If you think modern television shows have hokey plots, try this one on for size: A millionaire police homicide captain who shows up at the crime scene in a chauffeured car to begin his investigation.
That "hokey plot" is the scenario for Burke's Law, which I discovered in reruns as a teenager. It has since become either my favorite show or in the top three (depending on the mood). The great news is that part of the first season of Burke's Law is now available on DVD in the U.S.
Burke's Law was the first hit for the late Aaron Spelling as a producer, and it was a series that the "A" list celebrities of the day begged to be on. (Examples: Frank Sinatra's cameo in "Who Killed Wade Walker?" Sammy Davis Jr.'s brief dancing appearance in "Who Killed Alex Debbs?") Each episode began with a murder, followed by a phone call to Captain Amos Burke (who was usually entertaining a beautiful woman) and a dash to the scene of the crime in his Rolls Royce. Each episode was titled "Who Killed (the name of the murder victim)?"
So why was this so good? First, the acting. Gene Barry (Captain Burke) was superb in delivering one-liners with the straightest face. Gary Conway (who went on to star in Land of the Giants) played the hotshot young detective Tim Tilson, always trying to show off how much he'd learned in college. Then there was Leon Lontoc, who played Burke's chauffeur/butler, Henry. While sometimes restricted to the typical early 60s Oriental servant stereotype (think of the minimal use of Bruce Lee in The Green Hornet, which star Van Williams objected to and pressured the producers to rectify, resulting in the cancellation of the series after one year), Henry could also rip off some zingers. One of the most classic had Henry mumbling in his native language. When Burke asked for a translation, Henry huffed, "I said I never had this much trouble when I worked for the Green Hornet!"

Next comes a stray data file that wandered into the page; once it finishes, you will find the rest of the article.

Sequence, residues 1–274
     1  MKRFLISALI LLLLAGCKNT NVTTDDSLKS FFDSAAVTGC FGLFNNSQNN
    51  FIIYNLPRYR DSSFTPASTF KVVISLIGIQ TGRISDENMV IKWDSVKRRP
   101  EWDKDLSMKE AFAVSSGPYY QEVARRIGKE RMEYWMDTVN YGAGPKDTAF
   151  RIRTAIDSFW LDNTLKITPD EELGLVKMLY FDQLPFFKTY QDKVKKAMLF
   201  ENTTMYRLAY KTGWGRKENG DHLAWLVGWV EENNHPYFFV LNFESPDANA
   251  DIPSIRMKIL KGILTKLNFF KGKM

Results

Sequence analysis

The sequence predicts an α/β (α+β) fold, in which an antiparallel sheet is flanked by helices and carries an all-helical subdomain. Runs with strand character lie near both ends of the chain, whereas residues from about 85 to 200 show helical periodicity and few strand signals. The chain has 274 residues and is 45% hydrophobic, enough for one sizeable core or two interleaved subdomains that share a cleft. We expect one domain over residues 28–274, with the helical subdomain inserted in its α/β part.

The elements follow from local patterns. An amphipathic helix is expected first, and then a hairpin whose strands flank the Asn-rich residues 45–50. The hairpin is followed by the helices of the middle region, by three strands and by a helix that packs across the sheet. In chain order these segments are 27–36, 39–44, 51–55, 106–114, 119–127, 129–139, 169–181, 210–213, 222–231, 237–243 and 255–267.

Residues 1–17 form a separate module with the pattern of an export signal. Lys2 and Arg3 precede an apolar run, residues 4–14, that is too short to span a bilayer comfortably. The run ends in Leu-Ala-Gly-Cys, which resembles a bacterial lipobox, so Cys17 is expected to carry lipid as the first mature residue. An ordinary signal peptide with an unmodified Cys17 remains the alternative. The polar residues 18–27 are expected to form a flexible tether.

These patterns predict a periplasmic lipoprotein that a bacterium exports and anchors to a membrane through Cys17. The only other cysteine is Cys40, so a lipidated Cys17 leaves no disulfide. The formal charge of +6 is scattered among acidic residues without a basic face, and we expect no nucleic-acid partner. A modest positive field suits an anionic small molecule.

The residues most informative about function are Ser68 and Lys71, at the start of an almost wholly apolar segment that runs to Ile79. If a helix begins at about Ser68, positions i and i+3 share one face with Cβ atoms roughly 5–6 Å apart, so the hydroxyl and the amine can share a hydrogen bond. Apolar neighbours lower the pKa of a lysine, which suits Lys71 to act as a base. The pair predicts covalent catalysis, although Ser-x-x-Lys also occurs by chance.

Secondly was the writing. Ostensibly a crime drama, Burke's Law was dang funny. The plot should make that fact obvious; however, there were other elements that made the show as comical as any sitcom (and funnier than some). For one thing, Amos had a list of sayings about situations, which he would spout off: "Never let your brain interfere with your heart, your stomach, or your wallet. It's Burke's law." (A collection of the "Burke's laws" is one of the extras in the DVD set.) Any time the investigation involved a beautiful female, Burke would tell his associates, "Let your old captain handle this one."
However, it was a crime show, and there was a murder (or sometimes several murders) to solve. The shows were very well written to leave the identity of the murderer hanging. Sometimes the guilty party was obvious; other times it was a total shock.
And, yes, the celebrities (many of whom appear in pre-superstar roles, such as Elizabeth Montgomery in "Who Killed Mr. X?") make the show fun to watch now in retrospect. While most of us remember Paul Lynde as the wisecracking Uncle Arthur on Bewitched or the joking "center square" on Hollywood Squares, he appeared in two episodes and turned in fine performances.
The only drawback is that the series is being issued a little at a time. Only 16 of the first season's 32 episodes are on DVD at the moment, which means (a) more money to spend or, sadly (b) they can stop putting out the DVDs if they don't sell well. I hope the latter isn't the case, though. Burke's Law is a joy, even 45 years after it first appeared on television.
Burke's Law season one, part one